THE way things are moving in the Land of the Pure, what does the common man have to look forward to? To the mad dash for roti, kapra and makan have been added the ever elusive quest for electricity, water and fuel. For another, one had been led to believe that the Middle Class is, or should be, the backbone of any society! And yet every step we deign to take is aimed at squeezing the middle class out of existence. The wretched man in the street has yet to digest the heady diet of statistics that he had been force-fed over the past several years. (Remember the tidings that the Land of the Pure could be among the top five countries in Asia in terms of economic growth?). If statistics were horses, we’d all be merrily riding away! Alternatively, if statistics were the elusive “roti” we would all be feasting to our heats’ content. And now we find our finance experts looking for newer and newer ways to stifle the Middle Class. God save the common man! Not that one is interested in playing a blame game but isn’t it about time that we decided to set our own house in order?
Propaganda machinery notwithstanding, the fact remains that our economic priorities are horribly awry and have been for quite some time. Not all that long ago, the economic czars of the country were working in a frenzy to dispose of the family silver (by the way, into what kitty did the proceeds go?). And yet our planners – such as they are – projected a clear and focused picture of a country well on its way. But in which direction and to what end? Why is it that the common man (Lower Middle Class?) continues to have this queasy feeling that his lot is sinking rather than rising? Why is it that poverty keeps on increasing, just as the rich keep on getting richer? All in all, in layman’s terms, why is the micro-economy of the country not moving hand in hand with its macro sibling? Of course, the statisticians, the economists (and, let us not forget, the bankers) will all have plausible justifications for the whole phenomenon; but the moot question remains: where does it all take the common man?
How about a reality check? The price of property has boomed to high heavens; corruption over the years has touched hitherto unachieved highs; the shopkeepers have merrily kept on raising the prices of necessities at their sweet will. In urban areas, the municipal authorities squeeze water supply at their will so that they can then sell the water by the tanker-load to thirsty consumers in the black market at exorbitant rates. Natural sources of water are being contaminated with impunity, while the price of bottled water continues to spiral upwards.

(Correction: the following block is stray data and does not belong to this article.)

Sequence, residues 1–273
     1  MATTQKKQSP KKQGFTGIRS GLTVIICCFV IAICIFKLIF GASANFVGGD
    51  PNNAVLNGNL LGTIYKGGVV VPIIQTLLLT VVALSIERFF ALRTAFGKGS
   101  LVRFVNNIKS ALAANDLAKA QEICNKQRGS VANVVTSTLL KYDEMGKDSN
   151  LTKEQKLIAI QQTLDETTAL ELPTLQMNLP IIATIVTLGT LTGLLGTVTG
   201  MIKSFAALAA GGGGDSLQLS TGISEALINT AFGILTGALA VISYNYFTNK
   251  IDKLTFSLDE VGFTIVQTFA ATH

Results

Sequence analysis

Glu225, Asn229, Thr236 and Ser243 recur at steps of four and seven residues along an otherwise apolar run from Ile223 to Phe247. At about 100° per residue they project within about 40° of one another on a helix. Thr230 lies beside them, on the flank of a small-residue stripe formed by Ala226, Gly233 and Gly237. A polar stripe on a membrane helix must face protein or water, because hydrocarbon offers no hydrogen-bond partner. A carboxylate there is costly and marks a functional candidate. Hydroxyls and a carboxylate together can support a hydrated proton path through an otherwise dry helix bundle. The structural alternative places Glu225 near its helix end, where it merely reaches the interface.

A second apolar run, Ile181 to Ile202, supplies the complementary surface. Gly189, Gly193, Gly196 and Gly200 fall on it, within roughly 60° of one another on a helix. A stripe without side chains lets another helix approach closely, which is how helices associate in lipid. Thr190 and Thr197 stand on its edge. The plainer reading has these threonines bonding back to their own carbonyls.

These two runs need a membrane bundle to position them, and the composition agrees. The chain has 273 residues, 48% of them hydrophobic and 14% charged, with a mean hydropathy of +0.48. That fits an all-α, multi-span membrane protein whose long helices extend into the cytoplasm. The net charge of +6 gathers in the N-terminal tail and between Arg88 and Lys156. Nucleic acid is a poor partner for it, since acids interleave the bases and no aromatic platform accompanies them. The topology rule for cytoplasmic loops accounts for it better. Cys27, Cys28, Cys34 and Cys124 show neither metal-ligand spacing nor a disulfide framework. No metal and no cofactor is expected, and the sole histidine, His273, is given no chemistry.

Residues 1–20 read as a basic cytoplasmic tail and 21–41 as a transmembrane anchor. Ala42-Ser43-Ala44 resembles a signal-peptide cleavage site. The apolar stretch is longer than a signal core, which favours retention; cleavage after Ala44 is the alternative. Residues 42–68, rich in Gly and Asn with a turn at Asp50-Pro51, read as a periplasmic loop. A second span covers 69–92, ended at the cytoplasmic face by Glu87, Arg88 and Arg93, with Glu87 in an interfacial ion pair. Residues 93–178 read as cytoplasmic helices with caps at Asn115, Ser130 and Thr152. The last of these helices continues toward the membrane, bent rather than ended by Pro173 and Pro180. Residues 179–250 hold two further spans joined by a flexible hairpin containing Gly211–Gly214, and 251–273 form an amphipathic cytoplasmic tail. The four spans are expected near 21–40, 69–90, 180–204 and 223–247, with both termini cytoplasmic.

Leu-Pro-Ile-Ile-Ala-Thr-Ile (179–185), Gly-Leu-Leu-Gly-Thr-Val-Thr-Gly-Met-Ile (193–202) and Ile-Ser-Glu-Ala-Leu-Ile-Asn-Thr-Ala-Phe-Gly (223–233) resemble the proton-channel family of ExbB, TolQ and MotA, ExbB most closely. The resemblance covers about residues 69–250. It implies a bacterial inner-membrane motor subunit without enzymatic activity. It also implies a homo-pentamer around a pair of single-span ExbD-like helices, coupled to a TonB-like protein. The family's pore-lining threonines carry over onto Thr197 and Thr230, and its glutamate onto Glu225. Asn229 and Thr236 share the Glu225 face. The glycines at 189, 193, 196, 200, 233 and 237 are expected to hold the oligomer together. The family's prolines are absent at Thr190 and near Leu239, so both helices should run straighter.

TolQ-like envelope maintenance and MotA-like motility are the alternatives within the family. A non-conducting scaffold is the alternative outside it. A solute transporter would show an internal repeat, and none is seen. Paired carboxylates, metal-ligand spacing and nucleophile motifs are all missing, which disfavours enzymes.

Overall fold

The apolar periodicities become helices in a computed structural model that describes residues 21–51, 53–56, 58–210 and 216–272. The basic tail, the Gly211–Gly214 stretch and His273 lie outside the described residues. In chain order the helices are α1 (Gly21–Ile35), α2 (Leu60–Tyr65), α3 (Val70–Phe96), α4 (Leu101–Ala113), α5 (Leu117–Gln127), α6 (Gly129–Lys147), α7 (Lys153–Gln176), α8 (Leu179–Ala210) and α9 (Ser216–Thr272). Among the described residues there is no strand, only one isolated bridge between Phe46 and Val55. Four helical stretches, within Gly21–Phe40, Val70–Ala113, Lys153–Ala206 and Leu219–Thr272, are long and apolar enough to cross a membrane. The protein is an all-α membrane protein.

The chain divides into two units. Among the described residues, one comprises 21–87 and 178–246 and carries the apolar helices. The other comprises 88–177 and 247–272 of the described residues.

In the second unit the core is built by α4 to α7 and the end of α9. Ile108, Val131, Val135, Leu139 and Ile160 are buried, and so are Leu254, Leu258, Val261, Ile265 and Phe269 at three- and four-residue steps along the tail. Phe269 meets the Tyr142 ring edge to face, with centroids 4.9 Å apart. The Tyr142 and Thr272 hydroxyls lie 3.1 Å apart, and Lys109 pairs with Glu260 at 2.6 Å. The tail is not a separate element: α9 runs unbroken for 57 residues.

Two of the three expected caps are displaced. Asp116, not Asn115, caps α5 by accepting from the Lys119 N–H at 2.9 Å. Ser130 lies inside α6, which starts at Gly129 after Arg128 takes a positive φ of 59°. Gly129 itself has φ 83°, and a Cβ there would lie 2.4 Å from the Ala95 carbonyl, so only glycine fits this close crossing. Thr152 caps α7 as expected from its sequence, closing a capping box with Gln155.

The cost of living is skyrocketing by the day, while the purchasing power of the common man is continually going down. What is the man in the street to have faith in then: the word of crafty statisticians/economists or the facts of life? A certain empress in European history once used the phrase “Let them eat cake!” – or words to that effect – and paid a very high price for it. Empress Marie Antoinette, brought up in a very restricted and restrictive regime, could hardly be faulted for coming up with a simplistic solution to a seemingly simple issue. Can we not say the same about our financial and economic wizards?
An outstanding instance of the “let- them- eat-cake” syndrome is now developing in the privileged sections of our own society. Babies in such sterilized environments are now being weaned on “designer water”. One wouldn’t be surprised if children in these protected pockets eventually grow up to believe that nature provides water in airtight, sterilized containers – with or without designer labels! And yet, time and again, one hears the alarming news from vast segments of the country of people getting ill and even dying due to drinking contaminated water. Shouldn’t provision of clean and safe drinking water then be one of our top priorities? Let us face it, people can neither survive nor prosper on a diet of statistics alone.
Mere percentages thrust down the throats of common folks just will not do. If figures have to be quoted then should they not be in tangible, easy to understand and assimilate, form? When addressing the common man, should we not eschew the habit of talking of micro or macro- economics, or even of growth rates? If we have to, then why not measure our annual progress in terms of such yardsticks as: a) Number of additional persons provided clean and safe drinking water. b)Number of additional clinics and hospital facilities provided to deprived sections of society. c) Number of new and well-equipped schools opened in the public sector; additional children provided admission in such educational institutions. d) Number of additional midwives and paramedical staff provided in rural and far-flung areas. e) Number of additional trees not just planted but also nurtured. f) Economic and fiscal reforms that strengthen the Middle Class.
Once these little issues are sorted out, the nation may well be astonished to discover that such weighty matters as the growth rates and GDP – not to talk of macro and micro economics – will take care of themselves. Or is one talking out of turn?
— The writer is a former ambassador and former assistant secretary general of OIC.
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